Handling & Performance
I didn’t expect too much when I ordered it. Obviously it looks to perform very well when you check it out on YouTube, but I had a hunch that the people flying it had had a lot of practice to be able to fly that precise. Generally speaking, small and cheap flying machines are about as easy to fly as balancing ruler on your pinky. To my surprise this was not the case. Of course, you won’t be doing flips and zooming around obstacles five minutes after unboxing, but if you’re careful you might not even crash it the first few flights (that is, unless you get adventurous!).
The Hubsan X4 does not favor windy environments. Of course this rings true for all aviation, but especially so for the X4. While it seems fast zipping around your back lawn, it isn’t really a match for the stronger winds which can easily carry it away. I know this because I’ve crawled around my fair share of forest floors looking for it. One of the more notable cases was when I was flying it in my back yard and I decided to go a bit higher. As soon as it went over the house roof, I learned that the house had been protecting us against the wind. It was swiftly carried away, and there was nothing I could to as the tiny motors tried to fight the wind, and eventually I gave up and let it crash before it went completely out of sight.
As with all flying machines, when things go wrong they tend to go very wrong. The only quick way down is the hard way down. So this is clearly an important factor deciding upon purchase. Thankfully, the Hubsan X4 is pretty near indestructible. Of course, the blades quickly take a beating if you run into things, so expect to change them every so often. Surprisingly though, I’m still using the original blades, and with some dents and scratches they still seem to work fine.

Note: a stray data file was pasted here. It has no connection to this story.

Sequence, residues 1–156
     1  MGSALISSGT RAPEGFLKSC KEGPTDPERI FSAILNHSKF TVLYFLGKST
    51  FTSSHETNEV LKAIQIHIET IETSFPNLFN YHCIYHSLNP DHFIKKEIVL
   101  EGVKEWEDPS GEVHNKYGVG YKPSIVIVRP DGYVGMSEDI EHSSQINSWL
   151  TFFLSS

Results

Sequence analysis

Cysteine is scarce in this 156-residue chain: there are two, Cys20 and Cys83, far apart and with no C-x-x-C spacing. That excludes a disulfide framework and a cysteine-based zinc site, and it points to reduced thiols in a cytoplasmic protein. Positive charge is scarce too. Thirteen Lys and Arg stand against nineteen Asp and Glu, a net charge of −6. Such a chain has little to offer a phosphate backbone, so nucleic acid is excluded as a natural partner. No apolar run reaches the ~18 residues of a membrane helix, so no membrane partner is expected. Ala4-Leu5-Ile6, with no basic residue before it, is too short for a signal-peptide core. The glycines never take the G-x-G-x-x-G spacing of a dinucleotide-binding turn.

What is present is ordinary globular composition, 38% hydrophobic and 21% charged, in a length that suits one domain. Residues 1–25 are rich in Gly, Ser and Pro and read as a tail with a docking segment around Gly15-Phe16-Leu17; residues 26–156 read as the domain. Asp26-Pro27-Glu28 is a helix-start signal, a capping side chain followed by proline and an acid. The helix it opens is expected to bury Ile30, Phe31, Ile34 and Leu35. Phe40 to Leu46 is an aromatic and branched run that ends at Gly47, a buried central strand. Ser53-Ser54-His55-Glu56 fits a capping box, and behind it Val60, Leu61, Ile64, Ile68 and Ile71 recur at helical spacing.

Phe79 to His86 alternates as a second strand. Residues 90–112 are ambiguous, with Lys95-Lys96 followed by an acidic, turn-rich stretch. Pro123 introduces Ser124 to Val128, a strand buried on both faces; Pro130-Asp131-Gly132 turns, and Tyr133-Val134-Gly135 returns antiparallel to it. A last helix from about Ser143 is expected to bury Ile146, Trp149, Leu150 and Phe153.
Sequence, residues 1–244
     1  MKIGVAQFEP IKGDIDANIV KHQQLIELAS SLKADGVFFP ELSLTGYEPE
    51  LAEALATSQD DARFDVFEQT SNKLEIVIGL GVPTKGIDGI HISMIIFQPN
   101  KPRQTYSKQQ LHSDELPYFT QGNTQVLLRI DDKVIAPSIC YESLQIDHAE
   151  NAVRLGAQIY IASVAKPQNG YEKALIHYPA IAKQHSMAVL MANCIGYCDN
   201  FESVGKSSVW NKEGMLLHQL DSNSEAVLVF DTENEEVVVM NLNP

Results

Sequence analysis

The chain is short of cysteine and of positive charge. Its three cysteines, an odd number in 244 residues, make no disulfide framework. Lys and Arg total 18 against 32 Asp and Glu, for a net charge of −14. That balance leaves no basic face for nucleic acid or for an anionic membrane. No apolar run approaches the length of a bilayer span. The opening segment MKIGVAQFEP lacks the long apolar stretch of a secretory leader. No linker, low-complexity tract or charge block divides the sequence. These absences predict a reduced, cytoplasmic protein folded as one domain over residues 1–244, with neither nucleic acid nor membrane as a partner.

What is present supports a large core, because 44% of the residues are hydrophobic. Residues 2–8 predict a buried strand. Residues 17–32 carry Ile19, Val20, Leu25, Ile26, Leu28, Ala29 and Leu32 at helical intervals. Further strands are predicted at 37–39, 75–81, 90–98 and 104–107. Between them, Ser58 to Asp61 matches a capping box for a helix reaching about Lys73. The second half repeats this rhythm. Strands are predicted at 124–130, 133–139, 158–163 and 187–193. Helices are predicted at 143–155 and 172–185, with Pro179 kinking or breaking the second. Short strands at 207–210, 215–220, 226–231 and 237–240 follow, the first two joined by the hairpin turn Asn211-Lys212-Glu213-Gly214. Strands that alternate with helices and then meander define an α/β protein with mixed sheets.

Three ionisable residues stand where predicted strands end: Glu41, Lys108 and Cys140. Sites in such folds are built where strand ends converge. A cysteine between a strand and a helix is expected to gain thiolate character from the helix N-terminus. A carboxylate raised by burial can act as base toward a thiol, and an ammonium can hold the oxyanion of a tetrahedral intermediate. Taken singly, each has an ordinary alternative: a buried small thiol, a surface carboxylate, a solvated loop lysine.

The legs are built for breaking, which freaked me out the first time. What does that mean you wonder? Well, the legs (on which the rotors sit) are built so that they snap in a controlled manner if they experience too much stress, such as when smashing into the pavement. What happens is that they snap out of place, and you have to snap them back. Even here though, sometimes you won’t notice that it has happened as it only affects flying performance slightly.
The availability of aftermarket parts is simply great, and they’re usually dirt cheap. Personally, I’ve ordered a handful of extra blades and 4-way charger including four 500mAh batteries. The last one there is a life-saver. As mentioned, the included battery drains awfully fast when you’re out having fun, so it’s great to have replacement batteries that (in theory) lasts about 30% longer (so in practice about a minute). They’re not impeccable though. First of all they’re a bit longer, which make them stick out a bit. I haven’t noticed any problems affecting handling of the copter due to this, though. The second and a bit more annoying issue is that they’re a bit thinner than the original battery. This makes it to slip out during crashes or hard accelerations. This issue can be resolved with some tape.
If you feel that I’ve left something out or something to comment on, feel free to comment on the post!